Stephen Fry, Sir Philip Pullman, Sandie Shaw, Joanne Harris and Bob and Roberta Smith amongst names backing the call for government to protect income for freelancers in light of Covid-19
“In this confused and anxious time, those artists, writers, musicians and others who earn a fragile livelihood as self-employed suppliers of delight and consolation should not be forgotten… The need to support our freelance artists of every kind is urgent and imperative” – Sir Philip Pullman
Celebrities and industry bodies have rallied together to back the Creative Industries Federation and IPSE (the Association of Independent Professionals and the Self-Employed)’s call on the Prime Minister for a Temporary Income Protection Fund to support the self-employed during the Coronavirus crisis.
Since launching yesterday, the letter has already received the support of signatories such as Stephen Fry and Philip Pullman CBE, alongside over 40 industry bodies representing the millions of workers from across the UK’s creative sector. Other supporters include musicians Sandy Shaw and David Rowntree (Blur), author Joanne Harris (Chocolat), DJ High Contrast, actress Ellie Kendrick (Game of Thrones, The Diary of Anne Frank), director Gurinder Chadha OBE (Bend it Like Beckham), artist Bob and Roberta Smith, television producer Nicola Schindler, Young Vic Artistic Director Kwame Kwei-Armah OBE, and writers Lisa McGee (Derry Girls), Danny Brocklehurst (Shameless), Jeremy Dyson (League of Gentleman), Rebecca Lenkiewicz (Her Naked Skin), Ashley Pharoah (Life on Mars), Tony Marchant (Garrow’s Law) and Jack Thorne (Harry Potter and the Cursed Child). A petition has been launched to support the fund.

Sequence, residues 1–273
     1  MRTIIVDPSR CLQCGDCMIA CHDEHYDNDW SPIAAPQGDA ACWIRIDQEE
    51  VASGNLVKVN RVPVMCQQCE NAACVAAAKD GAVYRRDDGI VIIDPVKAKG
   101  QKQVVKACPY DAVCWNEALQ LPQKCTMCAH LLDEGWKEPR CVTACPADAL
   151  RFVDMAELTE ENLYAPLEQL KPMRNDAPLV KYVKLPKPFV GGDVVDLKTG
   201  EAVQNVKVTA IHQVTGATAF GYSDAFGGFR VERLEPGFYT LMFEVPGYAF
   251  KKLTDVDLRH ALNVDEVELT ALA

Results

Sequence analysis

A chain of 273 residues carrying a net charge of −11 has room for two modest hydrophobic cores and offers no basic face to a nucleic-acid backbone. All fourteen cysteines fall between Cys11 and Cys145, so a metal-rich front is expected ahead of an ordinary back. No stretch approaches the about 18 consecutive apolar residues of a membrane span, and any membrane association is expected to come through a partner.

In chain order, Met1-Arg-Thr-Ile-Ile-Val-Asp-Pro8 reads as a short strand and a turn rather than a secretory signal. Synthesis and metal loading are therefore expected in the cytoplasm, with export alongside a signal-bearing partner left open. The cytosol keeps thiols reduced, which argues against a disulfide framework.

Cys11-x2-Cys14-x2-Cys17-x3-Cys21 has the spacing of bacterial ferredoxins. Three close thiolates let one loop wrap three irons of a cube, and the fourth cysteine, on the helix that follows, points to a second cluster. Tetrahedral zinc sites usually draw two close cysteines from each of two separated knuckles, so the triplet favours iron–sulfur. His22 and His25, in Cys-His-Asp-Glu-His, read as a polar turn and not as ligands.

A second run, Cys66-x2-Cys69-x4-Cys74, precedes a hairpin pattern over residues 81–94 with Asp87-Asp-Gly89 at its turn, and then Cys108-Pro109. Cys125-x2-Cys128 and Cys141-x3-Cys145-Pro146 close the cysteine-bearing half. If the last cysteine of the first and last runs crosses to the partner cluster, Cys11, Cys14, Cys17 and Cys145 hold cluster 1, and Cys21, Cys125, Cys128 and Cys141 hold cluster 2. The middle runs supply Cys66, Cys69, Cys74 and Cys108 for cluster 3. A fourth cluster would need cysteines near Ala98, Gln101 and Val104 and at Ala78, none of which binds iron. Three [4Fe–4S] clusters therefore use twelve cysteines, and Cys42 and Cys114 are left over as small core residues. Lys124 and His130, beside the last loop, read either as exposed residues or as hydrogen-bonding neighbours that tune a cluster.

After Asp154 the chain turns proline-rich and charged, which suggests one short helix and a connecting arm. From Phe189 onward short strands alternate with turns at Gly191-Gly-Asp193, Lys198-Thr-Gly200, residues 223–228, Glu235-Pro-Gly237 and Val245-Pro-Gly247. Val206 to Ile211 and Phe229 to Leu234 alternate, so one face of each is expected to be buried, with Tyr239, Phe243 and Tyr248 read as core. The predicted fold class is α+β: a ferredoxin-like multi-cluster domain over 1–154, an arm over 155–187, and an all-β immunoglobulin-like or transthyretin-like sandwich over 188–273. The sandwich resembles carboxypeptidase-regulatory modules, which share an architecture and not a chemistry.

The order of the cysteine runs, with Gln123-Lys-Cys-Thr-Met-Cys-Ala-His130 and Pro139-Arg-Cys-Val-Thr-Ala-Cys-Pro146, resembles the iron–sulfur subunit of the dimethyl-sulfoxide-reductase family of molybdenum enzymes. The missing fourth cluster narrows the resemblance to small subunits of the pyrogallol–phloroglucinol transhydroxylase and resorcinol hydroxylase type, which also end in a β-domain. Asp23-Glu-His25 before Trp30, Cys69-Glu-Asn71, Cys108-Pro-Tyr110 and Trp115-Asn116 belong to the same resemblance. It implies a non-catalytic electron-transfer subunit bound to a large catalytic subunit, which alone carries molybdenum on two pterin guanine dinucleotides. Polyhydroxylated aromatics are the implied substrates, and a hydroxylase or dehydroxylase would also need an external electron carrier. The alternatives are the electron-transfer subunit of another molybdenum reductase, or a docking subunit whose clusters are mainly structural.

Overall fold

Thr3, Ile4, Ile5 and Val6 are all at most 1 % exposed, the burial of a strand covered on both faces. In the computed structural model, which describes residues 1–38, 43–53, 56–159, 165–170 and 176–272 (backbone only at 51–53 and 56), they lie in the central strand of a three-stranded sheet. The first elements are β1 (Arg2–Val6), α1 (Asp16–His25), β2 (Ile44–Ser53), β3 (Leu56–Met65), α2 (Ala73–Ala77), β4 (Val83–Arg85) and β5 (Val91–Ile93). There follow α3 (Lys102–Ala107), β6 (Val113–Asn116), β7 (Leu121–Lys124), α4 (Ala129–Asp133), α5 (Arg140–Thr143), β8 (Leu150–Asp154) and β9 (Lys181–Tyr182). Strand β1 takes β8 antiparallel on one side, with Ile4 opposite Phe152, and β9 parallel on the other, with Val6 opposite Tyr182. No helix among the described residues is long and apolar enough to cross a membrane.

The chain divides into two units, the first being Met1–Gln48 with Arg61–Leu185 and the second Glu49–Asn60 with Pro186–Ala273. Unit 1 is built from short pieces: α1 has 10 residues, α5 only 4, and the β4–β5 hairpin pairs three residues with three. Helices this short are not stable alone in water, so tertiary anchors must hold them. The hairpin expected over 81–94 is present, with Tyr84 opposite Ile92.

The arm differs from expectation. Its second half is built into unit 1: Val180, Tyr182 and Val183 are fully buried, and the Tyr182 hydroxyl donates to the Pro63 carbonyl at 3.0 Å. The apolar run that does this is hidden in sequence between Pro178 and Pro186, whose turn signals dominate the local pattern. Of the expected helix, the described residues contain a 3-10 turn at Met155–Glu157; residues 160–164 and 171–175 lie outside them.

To support the self-employed through the coming months, the organisations are calling on the Prime Minister for an emergency fund that gives a time-limited and carefully targeted cash grant to the self-employed businesses and freelancers that need it most. They cite the example of other countries such as Norway, which has said it will pay self-employed people 80 per cent of their income.
The organisations have warned that because Coronavirus is not only a health crisis but an income crisis – especially for the self-employed – the government’s measures will not be enough for freelancers. A Creative Industries Federation survey this week found that 60 per cent of freelancers estimate that their income will decrease by over 50 per cent in 2020, and a snap poll on Twitter showed almost 50 per cent of freelancers have already had 100 per cent of their work cancelled this week.
The letter and a full list of signatories can be found here.